AMD Reveals Core Details at Zen Event

/ 4 years ago


One of the most anticipated releases for the past while have been AMD’s new CPU architecture. Dubbed Zen, the new design is set to revitalize the companies flagging efforts and bring stronger competition against Intel once more. While we’ve seen some leaked information that has already given us insights into the new chips, AMD dropped a major bomb today. At their latest event, AMD has not only provided a new timeline but also revealed the fundamentals of Zen.

AMD Zen 1

Starting off, we have some major changes in the works. First up is the new micro-op cache which will hold frequently used operations. This buffer should reduce latency and requests to the cache. In line with this, the decoder can now feed 4 instructions per cycle. This keeps it the same as Intel and Steamroller but is doubled compared to Bulldozer. Being able to feed more instructions to the execution units is critical to increasing IPC so this is likely where many of the 40% IPC gains are coming from.

AMD Zen 2

The next step of course, is improving the cache. Bulldozer used a write-through cache which slowed it down significantly and increasing latency. With Zen, the new system is write-back which will speed up cache response times. While the cache sizes for L2 and L3 stay the same per core, we can expect them to be more useful than in the past. The L1 caches sizes also get a boost in size. The only downside is that for Zen chips more than 8 cores, the cache won’t be coherent, with each set of 4 cores sharing 8MB of L3. I expect there will be a bus or interconnect to better enable communications between different core clusters.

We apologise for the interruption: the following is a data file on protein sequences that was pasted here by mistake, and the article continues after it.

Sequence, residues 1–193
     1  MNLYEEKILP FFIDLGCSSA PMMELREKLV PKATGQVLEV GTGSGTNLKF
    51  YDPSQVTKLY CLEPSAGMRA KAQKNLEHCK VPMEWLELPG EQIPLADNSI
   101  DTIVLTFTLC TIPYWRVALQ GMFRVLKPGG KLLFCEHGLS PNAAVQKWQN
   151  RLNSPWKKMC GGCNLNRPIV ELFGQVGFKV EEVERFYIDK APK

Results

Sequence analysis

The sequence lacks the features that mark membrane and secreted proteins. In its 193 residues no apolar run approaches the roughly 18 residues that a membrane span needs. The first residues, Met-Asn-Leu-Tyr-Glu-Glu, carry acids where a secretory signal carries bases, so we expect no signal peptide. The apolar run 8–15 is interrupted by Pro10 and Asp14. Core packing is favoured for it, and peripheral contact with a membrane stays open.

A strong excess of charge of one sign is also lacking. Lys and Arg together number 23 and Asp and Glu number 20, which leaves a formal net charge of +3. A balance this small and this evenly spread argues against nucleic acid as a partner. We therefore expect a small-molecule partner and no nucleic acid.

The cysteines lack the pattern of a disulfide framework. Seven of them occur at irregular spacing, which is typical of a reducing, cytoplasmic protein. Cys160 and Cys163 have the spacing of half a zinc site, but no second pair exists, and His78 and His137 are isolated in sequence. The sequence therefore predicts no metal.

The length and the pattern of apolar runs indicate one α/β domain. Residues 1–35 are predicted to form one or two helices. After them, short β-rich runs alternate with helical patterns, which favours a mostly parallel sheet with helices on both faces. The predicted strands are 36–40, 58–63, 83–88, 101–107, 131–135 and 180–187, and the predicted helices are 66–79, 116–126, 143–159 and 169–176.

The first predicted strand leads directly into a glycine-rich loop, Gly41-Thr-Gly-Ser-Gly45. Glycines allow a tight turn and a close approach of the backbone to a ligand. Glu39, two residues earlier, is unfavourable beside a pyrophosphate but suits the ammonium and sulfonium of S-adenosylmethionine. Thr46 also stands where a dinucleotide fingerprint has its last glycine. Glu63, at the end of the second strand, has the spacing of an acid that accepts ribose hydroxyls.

AMD Zen 3

Last of all, we have the new simultaneous multi-threading, AMD’s answer to Intel’s Hyper-Threading. Unlike the sharing of resources seen with Bulldozer, the new technique will be more akin to allowing a secondary thread make use of core resources not required by the main thread. How performance plays out remains to be seen as even with Intel’s implementation, certain workloads see massive gains while others may even regress.

The big disappointment of the day was that Zen wouldn’t be available in volume till 2017. This dashes all hopes that Zen would arrive in late 2016 as rumoured and make it in time for the year-end. While we might see a few enterprise targetted releases, consumer chips are likely out of the question. Hopefully, the 40%+ IPC gains do come true and make it worth the wait. What we will see though are AM4 motherboards so we have at least those to look forward to this year.

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